Ionic Bond

An ionic bond is a type of chemical bond formed through an electrostatic attraction between two oppositely charged ions. Ionic bonds are formed between a cation, which is usually a metal, and an anion, which is usually a nonmetal. Pure ionic bonding cannot exist: all ionic compounds have some degree of covalent bonding. Thus, an ionic bond is considered a bond where the ionic character is greater than the covalent character. The larger the difference in electronegativity between the two atoms involved in the bond, the more ionic (polar) the bond is. Bonds with partially ionic and partially covalent character are called polar covalent bonds. Ionic bonding is a form of noncovalent bonding.

Ionic compounds conduct electricity when molten or in solution, but not as a solid. They generally have a high melting point and tend to be soluble in water.

Read more about Ionic BondFormation, Structure, Bond Strength, Polarization Effects, Comparison With Covalent Bonds, Electrical Conductivity

Other articles related to "bond, ionic, ionic bond":

Fajans' Rules
... in 1923, are used to predict whether a chemical bond will be covalent or ionic, and depend on the charge on the cation and the relative sizes of the cation and anion ... They can be summarized in the following table Ionic Covalent Low positive charge High positive charge Large cation Small cation Small anion Large anion Thus sodium ... be increased by High charge and small size of the cation Ionic potential Å Z+/r+ (= polarizing power) High charge and large size of the anion The polarizability of an anion is related to the deformability of its ...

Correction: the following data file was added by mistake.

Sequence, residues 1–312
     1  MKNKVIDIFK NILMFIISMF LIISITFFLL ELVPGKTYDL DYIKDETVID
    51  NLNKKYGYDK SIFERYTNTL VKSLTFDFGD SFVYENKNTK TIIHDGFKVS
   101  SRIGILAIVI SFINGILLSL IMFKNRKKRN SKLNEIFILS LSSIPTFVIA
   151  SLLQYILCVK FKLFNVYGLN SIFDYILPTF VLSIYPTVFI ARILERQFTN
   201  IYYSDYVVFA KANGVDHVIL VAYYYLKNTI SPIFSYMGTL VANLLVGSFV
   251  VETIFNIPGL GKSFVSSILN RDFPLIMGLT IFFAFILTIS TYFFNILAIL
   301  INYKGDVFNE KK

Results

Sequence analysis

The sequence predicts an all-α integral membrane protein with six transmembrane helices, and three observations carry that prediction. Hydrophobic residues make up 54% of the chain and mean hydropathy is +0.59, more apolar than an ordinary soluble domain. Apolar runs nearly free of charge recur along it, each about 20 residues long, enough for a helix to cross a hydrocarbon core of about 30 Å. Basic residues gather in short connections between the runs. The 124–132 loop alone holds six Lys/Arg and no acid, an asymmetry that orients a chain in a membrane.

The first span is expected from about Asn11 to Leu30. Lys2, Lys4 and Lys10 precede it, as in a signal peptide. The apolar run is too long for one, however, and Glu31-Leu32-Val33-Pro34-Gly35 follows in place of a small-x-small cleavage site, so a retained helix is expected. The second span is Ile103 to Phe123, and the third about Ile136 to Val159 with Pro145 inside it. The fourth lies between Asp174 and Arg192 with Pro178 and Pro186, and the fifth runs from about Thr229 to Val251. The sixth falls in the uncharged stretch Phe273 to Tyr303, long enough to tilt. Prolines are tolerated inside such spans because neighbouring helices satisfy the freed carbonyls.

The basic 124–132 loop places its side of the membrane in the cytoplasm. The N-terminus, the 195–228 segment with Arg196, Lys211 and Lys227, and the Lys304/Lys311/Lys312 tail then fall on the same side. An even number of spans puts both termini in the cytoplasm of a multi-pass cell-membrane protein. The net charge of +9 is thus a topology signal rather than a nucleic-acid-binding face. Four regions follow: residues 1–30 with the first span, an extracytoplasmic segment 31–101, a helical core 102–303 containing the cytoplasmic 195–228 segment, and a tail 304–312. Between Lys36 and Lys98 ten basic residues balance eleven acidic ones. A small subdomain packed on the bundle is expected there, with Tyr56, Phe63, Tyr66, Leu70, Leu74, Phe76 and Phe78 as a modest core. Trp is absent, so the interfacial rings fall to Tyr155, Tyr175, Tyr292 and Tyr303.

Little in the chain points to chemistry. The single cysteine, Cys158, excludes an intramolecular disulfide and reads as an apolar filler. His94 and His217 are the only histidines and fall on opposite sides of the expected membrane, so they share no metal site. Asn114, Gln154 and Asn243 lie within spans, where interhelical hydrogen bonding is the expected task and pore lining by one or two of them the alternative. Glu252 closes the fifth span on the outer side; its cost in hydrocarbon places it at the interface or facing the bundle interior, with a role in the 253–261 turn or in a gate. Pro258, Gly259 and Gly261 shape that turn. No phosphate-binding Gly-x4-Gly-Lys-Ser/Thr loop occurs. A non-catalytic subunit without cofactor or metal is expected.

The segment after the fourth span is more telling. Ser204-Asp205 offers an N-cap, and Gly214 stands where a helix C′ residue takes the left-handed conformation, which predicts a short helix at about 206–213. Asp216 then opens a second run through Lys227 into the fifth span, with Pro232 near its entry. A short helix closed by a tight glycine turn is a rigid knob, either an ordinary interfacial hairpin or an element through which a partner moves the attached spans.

Valence Electron - Chemical Reactions
... such an atom has only a single valence electron during the formation of an ionic bond which provides the necessary ionization energy, this one valence electron is easily lost to form a positive ion (catio ... share electrons with a neighboring atom (a covalent bond), or it can remove electrons from another atom (an ionic bond) ... To form an ionic bond, a halogen atom can remove an electron from another atom in order to form an anion (e.g ...
Ionic Bond - Electrical Conductivity
... Ionic compounds, if molten or dissolved, can conduct electricity because the ions in these conditions are free to move and carry electrons between the anode and the cathode ... However, some ionic compounds can conduct electricity when solid ...

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